The cattle drive ends in Darwin, which sets up the next scene: a charity ball to fund the Mission where the mixed-blood children will live. This provides an opportunity for Ms. Kidman to wear a beautiful gown and for Mr. Jackman to clean up and wear a white dinner jacket. He does clean up well. The scene also gives Ms. Kidman a speech about how horrible it is to tear these children from their mothers and to show how small-minded and prejudiced the average white Australian was in 1939.

There is an interlude of relative calm until 1942. Using newsreel footage, the move jumps forward to the Japanese attack on Pearl Harbor and on the movements of the Japanese through Southeast Asia. Drover accepts an assignment from the Australian Army: a six-month "drove" of cattle. Nullah wants to go walkabout with King George. Lady Ashley doesn't want either of them to go, so Nullah sneaks off and she tells Drover that if he leaves, he shouldn't return. So (of course), he leaves.

However, Nullah hasn't gone walkabout--he's been taken by the sheriff and is going off to Mission Island, which is directly in the path of the Japanese. Lady Ashley can't save him, but she can help with the war effort, monitoring the radio transmissions from the priest at Mission Rock.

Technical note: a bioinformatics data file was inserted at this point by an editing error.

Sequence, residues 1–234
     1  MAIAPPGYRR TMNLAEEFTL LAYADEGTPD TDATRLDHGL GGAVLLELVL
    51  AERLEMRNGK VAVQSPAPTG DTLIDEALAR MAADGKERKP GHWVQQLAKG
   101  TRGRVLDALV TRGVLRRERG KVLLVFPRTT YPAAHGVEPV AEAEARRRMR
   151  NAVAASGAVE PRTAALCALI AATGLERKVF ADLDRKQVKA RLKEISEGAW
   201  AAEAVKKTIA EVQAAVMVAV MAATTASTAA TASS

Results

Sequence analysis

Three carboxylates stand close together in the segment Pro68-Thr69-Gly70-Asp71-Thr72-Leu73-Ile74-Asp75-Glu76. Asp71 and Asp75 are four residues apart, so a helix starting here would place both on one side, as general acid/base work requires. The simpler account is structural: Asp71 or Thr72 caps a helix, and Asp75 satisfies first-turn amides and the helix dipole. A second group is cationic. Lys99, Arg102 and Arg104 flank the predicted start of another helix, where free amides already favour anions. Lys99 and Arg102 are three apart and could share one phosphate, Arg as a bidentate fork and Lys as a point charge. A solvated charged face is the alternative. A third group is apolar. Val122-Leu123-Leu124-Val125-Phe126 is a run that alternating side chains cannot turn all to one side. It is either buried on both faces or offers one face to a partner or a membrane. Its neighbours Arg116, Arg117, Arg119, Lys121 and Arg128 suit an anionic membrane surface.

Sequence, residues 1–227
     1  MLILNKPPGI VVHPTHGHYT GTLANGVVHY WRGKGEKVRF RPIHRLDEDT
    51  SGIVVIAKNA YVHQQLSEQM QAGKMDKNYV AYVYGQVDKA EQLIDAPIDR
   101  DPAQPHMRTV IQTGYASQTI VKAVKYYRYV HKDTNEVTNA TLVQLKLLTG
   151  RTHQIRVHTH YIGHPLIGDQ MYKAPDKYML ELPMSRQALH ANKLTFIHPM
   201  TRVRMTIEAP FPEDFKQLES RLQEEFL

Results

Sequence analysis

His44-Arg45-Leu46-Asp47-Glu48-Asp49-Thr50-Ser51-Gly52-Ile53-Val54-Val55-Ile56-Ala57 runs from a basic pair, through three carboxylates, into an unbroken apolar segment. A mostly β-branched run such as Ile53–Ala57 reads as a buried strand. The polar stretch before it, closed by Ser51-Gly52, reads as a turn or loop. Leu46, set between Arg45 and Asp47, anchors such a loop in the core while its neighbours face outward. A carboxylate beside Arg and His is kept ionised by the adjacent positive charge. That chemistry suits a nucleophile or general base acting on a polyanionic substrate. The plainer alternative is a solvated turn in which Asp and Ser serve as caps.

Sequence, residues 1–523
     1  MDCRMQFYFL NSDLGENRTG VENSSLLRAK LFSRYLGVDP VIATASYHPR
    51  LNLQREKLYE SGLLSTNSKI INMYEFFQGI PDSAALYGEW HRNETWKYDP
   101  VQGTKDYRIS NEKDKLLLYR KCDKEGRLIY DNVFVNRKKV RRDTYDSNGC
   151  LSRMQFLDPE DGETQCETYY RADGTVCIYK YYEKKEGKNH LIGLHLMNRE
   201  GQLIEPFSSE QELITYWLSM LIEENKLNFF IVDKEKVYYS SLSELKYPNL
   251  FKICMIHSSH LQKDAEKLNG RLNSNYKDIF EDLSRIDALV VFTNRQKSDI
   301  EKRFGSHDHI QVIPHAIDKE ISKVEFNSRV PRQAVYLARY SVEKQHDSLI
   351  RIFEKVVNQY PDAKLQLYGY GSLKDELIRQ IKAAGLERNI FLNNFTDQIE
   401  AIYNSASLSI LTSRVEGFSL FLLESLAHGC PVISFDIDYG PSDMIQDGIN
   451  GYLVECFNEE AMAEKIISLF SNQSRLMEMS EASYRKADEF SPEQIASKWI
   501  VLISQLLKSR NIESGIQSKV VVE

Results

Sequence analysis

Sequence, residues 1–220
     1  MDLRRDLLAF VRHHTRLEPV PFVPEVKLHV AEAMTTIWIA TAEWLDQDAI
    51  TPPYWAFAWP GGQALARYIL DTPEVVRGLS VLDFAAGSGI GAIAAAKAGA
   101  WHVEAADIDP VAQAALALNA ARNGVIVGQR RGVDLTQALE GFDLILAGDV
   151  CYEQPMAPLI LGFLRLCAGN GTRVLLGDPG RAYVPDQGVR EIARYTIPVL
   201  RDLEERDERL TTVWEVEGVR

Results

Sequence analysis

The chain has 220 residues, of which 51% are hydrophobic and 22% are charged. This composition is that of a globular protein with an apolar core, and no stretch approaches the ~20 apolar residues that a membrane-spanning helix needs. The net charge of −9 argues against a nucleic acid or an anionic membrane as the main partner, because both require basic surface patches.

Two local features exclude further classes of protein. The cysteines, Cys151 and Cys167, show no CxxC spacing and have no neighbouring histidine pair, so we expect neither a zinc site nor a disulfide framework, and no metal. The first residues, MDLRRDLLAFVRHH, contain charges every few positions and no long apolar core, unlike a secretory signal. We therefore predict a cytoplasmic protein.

Meanwhile, Drover is having his psyche dissected by his best friend, who happens to be an Aborigine. They notice planes flying over--Americans--and Drover figures that this is not a good sign. They ride back to Darwin in time to see the place in flames. Drover assumes Lady Ashley is dead and, when he hears that Mission Island has been attacked, commandeers a boat to find Nullah.

The acting is uniformly good. The writing could have been tighter and more true to the time: would an English lady really leave the manor to travel to the Outback? Would she really go against the conventional thinking about Aborigines? To her credit, Ms. Kidman makes it seem plausible. Mr. Jackman plays the quintessential cowboy, albeit an Australian. His toughness covers his vulnerability. His actions speak instead of his words.

The love scenes are discreet. The language is clean for the most part.

I was happily surprised that this was not another "Convicts come to Australia" movie. I tend to forget how close to Southeast Asia and the Pacific Theater Australia was. I wish I had looked at map beforehand, though, to get oriented as to where Darwin is on the continent. In the opening credits, it looks like the film was signed off by a group representing the Indigenous People (I don't remember the exact name and it's not listed on IMDb). Their characters and their traditions are presented very respectfully. In fact, I wish there had been more about them in the movie.

At the end of the movie, there is a note that the forced removal of children was ended in the 1950's and the Australian Government issued a formal apology to the "Stolen Generation."

Word of warning: do not drink a large soda prior to the movie. There is no intermission. ;)

There wasn't quite enough action to keep Hubs completely engaged. (Nicole Kidman is too thin for his tastes.) DS#2 (18), DD#1 (22), and DD#2 (15) want to see it--and I'd be willing to see it with them.

A good movie if you need a break from the holiday madness.

On the March Hare scale: 4 out 5 Golden Tickets

crossposted at Catholic Media Review